Key's right, Peters is wrong on post-election alliances.

The Prime Minister's first move in election year is a cautious one. By naming the parties National could work with to form a third term government - and not ruling out Winston Peters this time - John Key has left his options as wide as possible. He would "prefer" to continue working with Act, the Maori Party and United Future, whose sole MP, Peter Dunne, was restored to the ministry yesterday. While there were policy differences with Colin Craig's Conservative Party there would be "enough common ground" to include it too. A relationship with Mr Peters' party was "most unlikely" but he would not rule it out.

Nor indeed did Mr Peters rule it out yesterday. The New Zealand First leader issued an equally careful statement that ruled out any pre-election accommodation with any party but left his post-election options open. The country has seen this often before. If the election result requires him to make a choice he will almost certainly go with the biggest party, taking a ministerial job just as he did with the Bolger and Clark governments in their third terms.

Mr Key would clearly prefer that Mr Peters was not in the ministry and merely agreed to abstain on confidence and supply issues in Parliament. In the meantime, the Prime Minister will need to ignore more of the kind of nonsense the NZ First leader delivered yesterday on the subject of electorate accommodations for small parties.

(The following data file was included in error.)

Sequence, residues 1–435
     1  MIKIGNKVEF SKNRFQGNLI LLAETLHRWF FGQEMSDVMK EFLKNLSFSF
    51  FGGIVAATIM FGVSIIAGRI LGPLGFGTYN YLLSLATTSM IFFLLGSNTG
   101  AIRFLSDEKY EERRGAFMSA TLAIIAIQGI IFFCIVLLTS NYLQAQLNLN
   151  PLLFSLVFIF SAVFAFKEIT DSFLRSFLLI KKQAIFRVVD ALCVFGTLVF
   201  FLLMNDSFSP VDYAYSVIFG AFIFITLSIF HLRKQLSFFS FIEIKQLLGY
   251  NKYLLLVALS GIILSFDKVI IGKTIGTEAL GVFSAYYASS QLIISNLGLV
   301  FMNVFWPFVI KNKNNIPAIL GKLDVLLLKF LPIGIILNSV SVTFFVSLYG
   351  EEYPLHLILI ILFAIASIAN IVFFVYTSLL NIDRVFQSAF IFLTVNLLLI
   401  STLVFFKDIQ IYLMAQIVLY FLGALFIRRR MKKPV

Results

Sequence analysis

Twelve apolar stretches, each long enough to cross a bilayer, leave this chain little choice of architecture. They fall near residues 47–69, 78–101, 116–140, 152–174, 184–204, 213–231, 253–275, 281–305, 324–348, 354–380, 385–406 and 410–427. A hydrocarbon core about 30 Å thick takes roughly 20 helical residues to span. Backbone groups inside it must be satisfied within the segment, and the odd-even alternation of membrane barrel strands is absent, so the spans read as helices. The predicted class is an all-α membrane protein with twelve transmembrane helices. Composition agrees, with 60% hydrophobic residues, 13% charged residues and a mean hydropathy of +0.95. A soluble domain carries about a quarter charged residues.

Mr Peters said: "The general election should be decided by voters, not by backroom deals between political parties. The time for talking about forming governments," he said, "should be immediately after the election and not before." He could not be more wrong. Voters go to elections for one reason alone - to elect the next government. They do not cast their vote for the pleasure of watching party leaders indulge themselves in post-election negotiations.


The clearer the choice of governments can be for voters before an election, the better it is for voters, for the legitimacy of the government that results and for our democracy. Mr Key should do his utmost to present a likely coalition to the country ahead of the election.

In fact he should simply announce the electorate deal and save himself from another silly campaign stunt such as his "cup of tea" with Act's candidate in Epsom at the last election. Voters are now well versed in the finer points of MMP and do not need a contrived photo opportunity to tell them to cast their electorate vote for a candidate of a supporting party.

Opposition parties are hardly in a position to criticise this strategy. Jim Anderton's "Progressive Party" existed only for the purpose of giving the previous government one more seat than Labour would be awarded on its proportion of the party vote.

If National is to return this year, it may need to give that message to a number of electorates besides Epsom and Ohariu, and endorse candidates of more parties than Act and United Future. In announcing those National could work with, the Prime Minister is putting the ball in their court. If they campaign on reasonable and sensible issues and avoid the trap of non-negotiable commitments, they have every chance of advancing some of their policies. If they adopt uncompromising positions, they cannot expect a clear run in an electorate.

By declaring his position so early in election year Mr Key has left plenty of time for small parties to make their choice, and for National to endorse those it can work with. A clear indication of the party's preference is probably all that its voters need.

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